WWU Graduates First Cohort of ‘Pathways to Teaching’ Program; Designed to Get Bilingual Instructional Assistants Their Teaching Certification
Berenice Rodriguez always dreamed of being a teacher.
When her family came to the United States on a tourist visa from her native Mexico when she was eight years old so they could work in the berry fields of Skagit County, the dream never wavered. Long hours in the fields before and after school and learning a new language never deterred her. But the realities of being an undocumented student – no financial aid opportunities or loans, and even an inability to pursue a teaching degree at Western Washington University once she transferred there from Skagit Valley College because she would need to be fingerprinted – slowed her dream from becoming a reality.
She graduated with a degree in General Studies but her goal of leading her own classroom eluded her, and there were times when she wondered if it had all been worth it. She got married soon after and began raising a family, always hoping a time would come when she could again pursue her dream.
“I definitely had moments where I wondered if it was all worth it, all that work,” she said. “But you just have to have faith – and in the end, it was.”
The pieces began falling into place in June 2012, when President Obama signed the Deferred Action for Childhood Arrivals (DACA) legislation that granted her a renewable two-year work visa. She would remain a Mexican national – but for the first time, she could work and study in this country without fear of deportation, and she soon began a job as an instructional assistant at Lucille Umbarger Elementary School in Burlington, working mainly with Spanish-speaking students in its English Language Learner (ELL) program.
Soon after, she heard about a new program at Western called Pathways to Teaching, which is designed to help working instructional assistants earn a bachelor’s degree, their teaching certification, and an ELL or Bilingual endorsement while continuing to work. The program aims to increase the number of bilingual, ethnic minority and first-generation teachers in Washington state.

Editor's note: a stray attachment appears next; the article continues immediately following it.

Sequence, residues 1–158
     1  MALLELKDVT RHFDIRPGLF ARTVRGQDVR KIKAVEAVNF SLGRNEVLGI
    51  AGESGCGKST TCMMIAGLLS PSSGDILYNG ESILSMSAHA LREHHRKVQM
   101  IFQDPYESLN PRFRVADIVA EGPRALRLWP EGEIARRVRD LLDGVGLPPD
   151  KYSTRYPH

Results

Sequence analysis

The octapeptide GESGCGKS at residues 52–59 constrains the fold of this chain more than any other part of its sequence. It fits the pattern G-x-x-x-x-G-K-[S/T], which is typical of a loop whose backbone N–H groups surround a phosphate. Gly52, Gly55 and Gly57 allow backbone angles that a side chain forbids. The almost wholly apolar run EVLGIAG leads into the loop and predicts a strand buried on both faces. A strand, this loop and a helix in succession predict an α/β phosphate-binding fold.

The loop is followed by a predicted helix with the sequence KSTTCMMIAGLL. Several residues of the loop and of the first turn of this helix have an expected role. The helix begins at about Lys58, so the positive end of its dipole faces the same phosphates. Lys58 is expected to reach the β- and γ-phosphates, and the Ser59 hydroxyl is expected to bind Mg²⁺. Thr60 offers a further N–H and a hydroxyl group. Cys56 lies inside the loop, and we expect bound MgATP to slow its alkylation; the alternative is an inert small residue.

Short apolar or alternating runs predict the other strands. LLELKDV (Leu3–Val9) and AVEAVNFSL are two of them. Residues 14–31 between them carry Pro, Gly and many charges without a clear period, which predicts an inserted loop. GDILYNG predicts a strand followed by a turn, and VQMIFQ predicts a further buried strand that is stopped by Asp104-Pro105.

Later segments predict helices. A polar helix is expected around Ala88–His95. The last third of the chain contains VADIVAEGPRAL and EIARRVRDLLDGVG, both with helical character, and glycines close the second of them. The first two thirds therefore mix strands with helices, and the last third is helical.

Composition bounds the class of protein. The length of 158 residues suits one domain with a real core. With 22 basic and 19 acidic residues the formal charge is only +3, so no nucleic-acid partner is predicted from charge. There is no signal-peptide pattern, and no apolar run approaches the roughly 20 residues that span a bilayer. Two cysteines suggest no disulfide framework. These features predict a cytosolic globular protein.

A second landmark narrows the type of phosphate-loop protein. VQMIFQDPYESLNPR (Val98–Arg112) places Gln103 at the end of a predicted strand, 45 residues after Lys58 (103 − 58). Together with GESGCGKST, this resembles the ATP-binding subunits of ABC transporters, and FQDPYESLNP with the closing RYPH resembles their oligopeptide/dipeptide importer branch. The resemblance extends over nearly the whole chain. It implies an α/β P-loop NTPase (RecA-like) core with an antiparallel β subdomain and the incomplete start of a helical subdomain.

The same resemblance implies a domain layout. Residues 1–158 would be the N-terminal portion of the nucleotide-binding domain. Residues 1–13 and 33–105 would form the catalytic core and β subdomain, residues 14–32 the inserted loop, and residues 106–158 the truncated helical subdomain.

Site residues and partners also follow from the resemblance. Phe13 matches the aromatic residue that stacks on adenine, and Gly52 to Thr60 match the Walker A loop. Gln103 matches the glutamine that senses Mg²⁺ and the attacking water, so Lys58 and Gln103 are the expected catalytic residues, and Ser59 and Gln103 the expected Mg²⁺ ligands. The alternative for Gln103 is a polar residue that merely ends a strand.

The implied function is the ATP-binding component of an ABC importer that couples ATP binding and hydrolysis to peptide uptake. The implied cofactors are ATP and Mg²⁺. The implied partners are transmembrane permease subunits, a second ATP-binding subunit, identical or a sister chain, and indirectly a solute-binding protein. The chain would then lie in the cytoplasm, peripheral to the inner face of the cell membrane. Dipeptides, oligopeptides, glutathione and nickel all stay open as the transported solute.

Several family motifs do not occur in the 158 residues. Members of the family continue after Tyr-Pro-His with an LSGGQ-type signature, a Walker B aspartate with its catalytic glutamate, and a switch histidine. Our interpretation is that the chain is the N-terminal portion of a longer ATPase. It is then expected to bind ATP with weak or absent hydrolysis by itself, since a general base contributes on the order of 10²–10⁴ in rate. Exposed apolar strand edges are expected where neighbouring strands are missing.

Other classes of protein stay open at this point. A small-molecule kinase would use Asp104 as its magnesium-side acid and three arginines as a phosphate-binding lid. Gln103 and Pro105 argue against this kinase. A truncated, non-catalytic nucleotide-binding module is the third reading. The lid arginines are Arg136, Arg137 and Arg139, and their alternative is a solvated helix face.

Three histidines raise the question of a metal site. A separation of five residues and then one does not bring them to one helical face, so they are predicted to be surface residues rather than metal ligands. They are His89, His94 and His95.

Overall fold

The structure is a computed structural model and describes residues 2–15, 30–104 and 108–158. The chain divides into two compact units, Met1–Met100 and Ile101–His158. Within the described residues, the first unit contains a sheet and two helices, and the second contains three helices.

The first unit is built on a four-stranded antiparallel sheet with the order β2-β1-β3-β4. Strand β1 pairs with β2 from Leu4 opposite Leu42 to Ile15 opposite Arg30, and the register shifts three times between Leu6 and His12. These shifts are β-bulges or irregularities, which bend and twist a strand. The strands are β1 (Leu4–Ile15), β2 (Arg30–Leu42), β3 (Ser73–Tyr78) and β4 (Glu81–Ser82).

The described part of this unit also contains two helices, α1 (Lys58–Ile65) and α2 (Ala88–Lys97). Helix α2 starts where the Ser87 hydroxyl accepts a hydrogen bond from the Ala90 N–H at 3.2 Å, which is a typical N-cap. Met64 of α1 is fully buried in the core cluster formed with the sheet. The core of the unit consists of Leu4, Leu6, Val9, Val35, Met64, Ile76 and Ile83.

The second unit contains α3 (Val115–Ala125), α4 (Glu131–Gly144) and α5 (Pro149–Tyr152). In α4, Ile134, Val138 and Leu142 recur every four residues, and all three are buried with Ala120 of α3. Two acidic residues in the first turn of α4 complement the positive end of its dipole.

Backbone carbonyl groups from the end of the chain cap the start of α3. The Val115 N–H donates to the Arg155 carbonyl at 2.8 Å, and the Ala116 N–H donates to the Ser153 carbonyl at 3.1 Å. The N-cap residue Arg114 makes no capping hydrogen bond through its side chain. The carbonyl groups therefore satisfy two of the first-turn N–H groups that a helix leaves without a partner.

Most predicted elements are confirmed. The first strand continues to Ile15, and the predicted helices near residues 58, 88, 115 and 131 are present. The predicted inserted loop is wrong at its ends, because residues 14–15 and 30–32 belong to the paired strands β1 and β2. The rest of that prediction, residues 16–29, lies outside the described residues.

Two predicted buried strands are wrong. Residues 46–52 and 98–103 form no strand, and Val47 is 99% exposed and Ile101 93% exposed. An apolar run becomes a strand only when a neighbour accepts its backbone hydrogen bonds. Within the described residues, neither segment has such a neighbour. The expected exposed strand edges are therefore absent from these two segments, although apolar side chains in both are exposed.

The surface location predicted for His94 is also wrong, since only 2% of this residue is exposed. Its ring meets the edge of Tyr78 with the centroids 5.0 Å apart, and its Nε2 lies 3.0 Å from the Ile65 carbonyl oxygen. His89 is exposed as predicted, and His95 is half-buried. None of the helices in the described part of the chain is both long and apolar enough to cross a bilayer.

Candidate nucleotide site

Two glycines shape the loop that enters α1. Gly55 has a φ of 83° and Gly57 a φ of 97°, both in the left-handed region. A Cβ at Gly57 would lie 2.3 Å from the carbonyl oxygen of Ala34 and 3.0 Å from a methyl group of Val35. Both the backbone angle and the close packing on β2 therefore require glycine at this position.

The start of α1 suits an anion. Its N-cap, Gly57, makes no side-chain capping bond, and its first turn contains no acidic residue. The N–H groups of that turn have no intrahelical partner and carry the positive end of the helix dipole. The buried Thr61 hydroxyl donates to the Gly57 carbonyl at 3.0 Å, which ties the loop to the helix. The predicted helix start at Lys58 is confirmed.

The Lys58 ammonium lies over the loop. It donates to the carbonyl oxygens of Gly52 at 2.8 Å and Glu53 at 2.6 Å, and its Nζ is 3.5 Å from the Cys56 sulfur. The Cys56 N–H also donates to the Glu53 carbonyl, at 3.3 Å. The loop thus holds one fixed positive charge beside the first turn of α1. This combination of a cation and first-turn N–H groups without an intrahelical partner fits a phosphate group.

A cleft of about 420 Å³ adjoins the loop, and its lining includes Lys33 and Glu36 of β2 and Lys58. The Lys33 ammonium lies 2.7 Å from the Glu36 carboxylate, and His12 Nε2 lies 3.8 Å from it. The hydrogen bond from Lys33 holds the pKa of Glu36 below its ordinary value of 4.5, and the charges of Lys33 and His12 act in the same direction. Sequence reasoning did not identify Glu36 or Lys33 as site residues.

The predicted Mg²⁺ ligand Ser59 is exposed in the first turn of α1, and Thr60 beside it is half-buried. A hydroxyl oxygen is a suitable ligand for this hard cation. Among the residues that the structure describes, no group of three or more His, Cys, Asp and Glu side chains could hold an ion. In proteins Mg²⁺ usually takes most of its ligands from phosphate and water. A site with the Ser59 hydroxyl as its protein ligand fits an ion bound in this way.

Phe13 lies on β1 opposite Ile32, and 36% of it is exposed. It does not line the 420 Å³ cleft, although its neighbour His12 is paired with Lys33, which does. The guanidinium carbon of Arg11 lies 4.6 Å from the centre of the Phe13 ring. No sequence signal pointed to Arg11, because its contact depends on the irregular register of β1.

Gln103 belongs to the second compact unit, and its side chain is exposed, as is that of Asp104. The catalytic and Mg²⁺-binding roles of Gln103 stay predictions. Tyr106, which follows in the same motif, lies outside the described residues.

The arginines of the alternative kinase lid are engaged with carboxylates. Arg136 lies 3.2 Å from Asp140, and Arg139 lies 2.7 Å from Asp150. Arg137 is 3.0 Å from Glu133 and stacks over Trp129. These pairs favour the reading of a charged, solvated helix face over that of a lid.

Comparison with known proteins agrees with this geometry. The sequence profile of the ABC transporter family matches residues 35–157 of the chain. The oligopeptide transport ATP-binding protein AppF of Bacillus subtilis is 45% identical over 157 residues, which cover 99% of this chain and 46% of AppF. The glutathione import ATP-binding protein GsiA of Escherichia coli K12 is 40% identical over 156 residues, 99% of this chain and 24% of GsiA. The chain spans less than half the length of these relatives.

Maria Timmons Flores, the program coordinator for the Pathways program and an associate professor of Elementary Education in Western’s Woodring College of Education, said the seven-quarter program is designed to be completed with the students’ work schedule and family lives in mind and address a critical need.
“In Washington, currently 43 percent of our public-school students are non-white, while only 7 percent of certified teachers are of color. Bilingual education is one of the most powerful ways to close the opportunity gap, yet we do not have the teachers we need to teach in a language other than English,” she said. “This program will develop teachers who represent the communities in which they teach and with the ability to teach in a second language and support bilingual students.”
The cost of the program, bearing in mind the salaries of the instructional assistants who are its focus, is largely paid for by grants and loans. Western’s first cohort of 15 students just graduated from the Pathways program last week, and Rodriguez will start her new job this fall – as a teacher – at Burlington’s Westview Elementary School, teaching in Spanish in a dual-language school.
Shortly before her graduation, Rodriguez gave the keynote speech at Woodring’s annual graduation celebration, where she tearfully recounted the struggles she and her family faced to get to this point – her lifelong dream just a few shorts months away from becoming a reality.
“I always thought a four-year degree took four years, but it took me 10 years to get here. Many doors closed in front of me,” she said. “But thanks to this program and the incredible support you gave us, and because so many of you wouldn’t let us quit when times got tough, here we are. I guess I’m a dreamer – and I invite you to dream, too.”
For more information on the Pathways to Teaching program, contact Maria Timmons Flores at (360) 650-4559 or at email@example.com.